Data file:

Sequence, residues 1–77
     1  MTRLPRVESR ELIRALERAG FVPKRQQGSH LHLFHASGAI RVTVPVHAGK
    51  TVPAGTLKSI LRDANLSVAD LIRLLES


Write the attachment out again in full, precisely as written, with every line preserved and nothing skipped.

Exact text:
Sequence, residues 1–77
     1  MTRLPRVESR ELIRALERAG FVPKRQQGSH LHLFHASGAI RVTVPVHAGK
    51  TVPAGTLKSI LRDANLSVAD LIRLLES